Summary: Tempe finally tells Booth the whole story about her abduction in El Salvador (from the season 1 episode The Woman In The Garden, but still makes sense if you haven't seen it). Kind of angsty, hurt/comfort. Much less fluffy than my usual fare, but still BB.
Rating: T, it gets violent. Language is minimal.
Disclaimer: Not mine. Never have been. But maybe someday :-)


It being a Monday morning, Booth leapt up the stairs, swiped his ID, and was met with the familiar sight of Brennan in her lab coat, peering intently at some sort of pale yellow-greenish fluid.

"Bones! What have you got for me?"

"Hodgins extracted a fungus from this that indicates -"

She paused mid-sentence, beaker in hand, and looked past him towards the entrance -


As the glass shattered, Booth looked up in surprise - since when did she drop things? - and was stunned to see that Temperance Brennan was utterly terrified. Her face had gone white, and her bright eyes were suddenly wide with fright. Even though she was always a perfectionist, she had seemingly forgotten the shattered beaker, and her gloved hands had reached out to clutch the table in front of her.

"Bones? What's wrong?"

She didn't move, didn't speak, gave him no response other than simply continuing to stare past the platform. Following her gaze, Booth was confused. The only person there was a harmless-looking man. Average height and build, Hispanic, maybe mid-forties or so, clean-shaven, dressed in a nice suit and heading calmly to the stairs. But her gaze was fixed on him, and the look of utter revulsion, mixed with sheer terror, frightened Booth. She wasn't like this.

Unnerved by her sudden freeze, Booth tentatively set a hand on her arm. "Bones? Are you okay?"

She flinched very slightly at his touch, but his voice seemed to bring her back to reality. Taking a deep breath, she turned away, peeling off her gloves. Zach and Hodgins, who had been waiting for her to join them nearby, were looking at each other uneasily. "Dr. Brennan?" Zach asked timidly. "Is something wrong?"

She was still breathing slowly. "No, Zach, it's - it's fine. It's fine." Without another word, or meeting anyone's eyes, she left the platform and went into her office.

Bewildered, Booth stared blankly at Zach and Hodgins, till finally Zach spoke up. "Someone should go see if she's all right."

"Booth can do it," Hodgins quickly volunteered.

"Why me?"

"Zach and I have no social skills. Besides, she likes you best." Hodgins glanced back at Zach, who nodded. "Go, man. We'll get this cleaned up."

Deciding not to argue - after all, she did like him best - Booth sighed and headed for the office.


She was sitting on her couch and staring at the wall, face blank and pale.

"What happened out there?"

She looked up at him, her eyes hollow, and finally spoke. "You saw that man?"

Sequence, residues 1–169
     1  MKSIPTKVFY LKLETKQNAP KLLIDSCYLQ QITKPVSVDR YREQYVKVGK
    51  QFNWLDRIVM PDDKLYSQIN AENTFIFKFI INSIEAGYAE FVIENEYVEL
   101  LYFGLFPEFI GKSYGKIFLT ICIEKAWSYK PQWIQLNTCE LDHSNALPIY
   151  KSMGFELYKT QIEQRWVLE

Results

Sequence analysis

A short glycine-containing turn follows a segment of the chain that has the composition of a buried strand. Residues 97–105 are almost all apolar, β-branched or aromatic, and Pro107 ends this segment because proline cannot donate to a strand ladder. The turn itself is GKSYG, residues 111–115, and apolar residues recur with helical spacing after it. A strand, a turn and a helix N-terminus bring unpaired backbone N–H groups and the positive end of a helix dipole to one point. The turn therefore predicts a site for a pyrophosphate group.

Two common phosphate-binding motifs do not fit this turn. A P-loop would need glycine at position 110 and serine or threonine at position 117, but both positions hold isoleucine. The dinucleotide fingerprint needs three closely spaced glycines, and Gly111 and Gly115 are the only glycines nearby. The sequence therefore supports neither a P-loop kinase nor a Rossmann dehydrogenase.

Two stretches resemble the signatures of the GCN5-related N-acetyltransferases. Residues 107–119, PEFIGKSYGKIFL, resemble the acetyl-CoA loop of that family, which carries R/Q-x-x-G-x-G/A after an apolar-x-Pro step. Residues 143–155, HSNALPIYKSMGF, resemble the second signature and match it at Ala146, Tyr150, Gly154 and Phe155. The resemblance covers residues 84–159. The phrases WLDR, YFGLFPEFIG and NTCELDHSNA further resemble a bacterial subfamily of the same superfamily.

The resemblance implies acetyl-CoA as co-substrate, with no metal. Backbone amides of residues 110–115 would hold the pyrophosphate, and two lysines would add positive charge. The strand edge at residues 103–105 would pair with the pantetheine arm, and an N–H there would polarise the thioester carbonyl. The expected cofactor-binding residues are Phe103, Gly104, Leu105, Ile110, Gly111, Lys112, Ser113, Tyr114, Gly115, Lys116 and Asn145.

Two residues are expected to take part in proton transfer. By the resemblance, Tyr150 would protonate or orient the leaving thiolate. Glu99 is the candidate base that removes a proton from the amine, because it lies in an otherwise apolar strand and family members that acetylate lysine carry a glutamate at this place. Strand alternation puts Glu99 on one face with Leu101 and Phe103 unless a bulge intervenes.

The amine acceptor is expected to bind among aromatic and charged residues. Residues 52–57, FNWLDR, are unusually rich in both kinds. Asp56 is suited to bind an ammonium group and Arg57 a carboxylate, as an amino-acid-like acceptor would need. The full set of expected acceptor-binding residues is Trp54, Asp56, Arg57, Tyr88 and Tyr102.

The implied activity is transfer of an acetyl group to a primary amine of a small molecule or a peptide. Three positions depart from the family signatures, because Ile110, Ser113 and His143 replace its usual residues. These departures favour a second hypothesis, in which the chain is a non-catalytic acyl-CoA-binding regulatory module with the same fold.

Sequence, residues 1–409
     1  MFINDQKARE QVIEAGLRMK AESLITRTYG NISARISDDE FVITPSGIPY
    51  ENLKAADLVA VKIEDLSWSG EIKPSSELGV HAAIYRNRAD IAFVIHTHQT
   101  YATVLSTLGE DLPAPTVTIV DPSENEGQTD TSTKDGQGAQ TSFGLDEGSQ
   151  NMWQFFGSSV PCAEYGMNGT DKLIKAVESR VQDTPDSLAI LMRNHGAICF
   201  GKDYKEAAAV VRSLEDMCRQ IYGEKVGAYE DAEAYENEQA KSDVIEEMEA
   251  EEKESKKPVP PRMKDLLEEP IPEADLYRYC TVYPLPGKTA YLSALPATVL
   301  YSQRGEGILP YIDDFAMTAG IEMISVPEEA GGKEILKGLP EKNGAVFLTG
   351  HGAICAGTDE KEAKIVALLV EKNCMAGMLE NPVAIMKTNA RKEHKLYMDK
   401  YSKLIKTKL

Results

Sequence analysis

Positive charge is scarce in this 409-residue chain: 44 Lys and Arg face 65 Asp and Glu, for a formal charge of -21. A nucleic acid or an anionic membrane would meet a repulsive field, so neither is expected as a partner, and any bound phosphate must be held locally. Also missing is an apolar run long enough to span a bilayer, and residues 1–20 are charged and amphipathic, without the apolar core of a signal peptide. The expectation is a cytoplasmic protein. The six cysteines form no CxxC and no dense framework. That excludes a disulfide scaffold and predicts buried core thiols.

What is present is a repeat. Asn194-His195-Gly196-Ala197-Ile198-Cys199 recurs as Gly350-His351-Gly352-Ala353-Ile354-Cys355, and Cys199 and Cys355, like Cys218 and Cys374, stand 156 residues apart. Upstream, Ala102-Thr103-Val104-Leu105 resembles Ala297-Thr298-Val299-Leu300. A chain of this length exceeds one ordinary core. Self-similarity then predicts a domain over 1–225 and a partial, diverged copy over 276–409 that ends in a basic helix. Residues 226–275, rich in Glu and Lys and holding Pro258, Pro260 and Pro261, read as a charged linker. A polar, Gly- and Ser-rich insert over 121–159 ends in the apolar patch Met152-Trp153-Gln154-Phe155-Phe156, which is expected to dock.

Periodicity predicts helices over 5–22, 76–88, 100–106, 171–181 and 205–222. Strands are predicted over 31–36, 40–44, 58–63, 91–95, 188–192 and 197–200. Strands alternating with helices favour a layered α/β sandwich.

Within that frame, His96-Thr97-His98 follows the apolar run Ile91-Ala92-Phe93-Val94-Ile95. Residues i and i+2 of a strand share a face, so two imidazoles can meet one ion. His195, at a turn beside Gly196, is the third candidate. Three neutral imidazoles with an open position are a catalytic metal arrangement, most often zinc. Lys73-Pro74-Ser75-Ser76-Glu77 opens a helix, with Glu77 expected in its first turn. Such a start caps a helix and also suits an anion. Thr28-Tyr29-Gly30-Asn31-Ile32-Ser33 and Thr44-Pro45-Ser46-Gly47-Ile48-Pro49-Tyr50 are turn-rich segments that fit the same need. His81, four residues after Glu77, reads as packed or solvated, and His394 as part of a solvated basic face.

"I thought - I thought I recognized him."

From the look on her face, there was a bad story here. But damned if he was going to let her bottle it up and stew in it. So he sat down slowly into the beside her, searched her face, and finally got her to meet his eyes.

"Tell me. Please."

Pursing her lips, Brennan looked away, out her window, before beginning the story.


Four years ago . . .

The beautiful, hot sunny weather was gruesomely at odds with the the grim reality of a murdered child,dumped into a well to be forgotten. Brennan, in El Salvador for the third time to identify the victims of the death squads, paused to wipe the sweat from her forehead as she pieced together the small skeleton. She had just picked up the skull when he appeared, dressed in the light, faded clothes of the local police and carrying a rifle like theirs. He told her to put the skull down and leave. Not understanding - why were the police telling her to stop? - she asked what was going on. He repeated his order.

Beginning to understand, she refused.

His eyes narrowed, and he barked out something she didn't catch before advancing with the butt of his rifle ready. Backing up, she was reaching for her knife when rough hands grabbed hers and threw her to the ground. Two more men had appeared. One knelt on her back, tying her hands and feet, while the other yanked a sack over her head. She kicked and struggled, but she was no match for three of them. The rough burlap of the sack chafed the skin of her face, and she screamed out loud as they started to carry her, and then she felt a dull pain as they dropped her. She heard a loud slam, an engine starting, and then there was a sharp blow to her head, and before she could register the pain she was unconscious.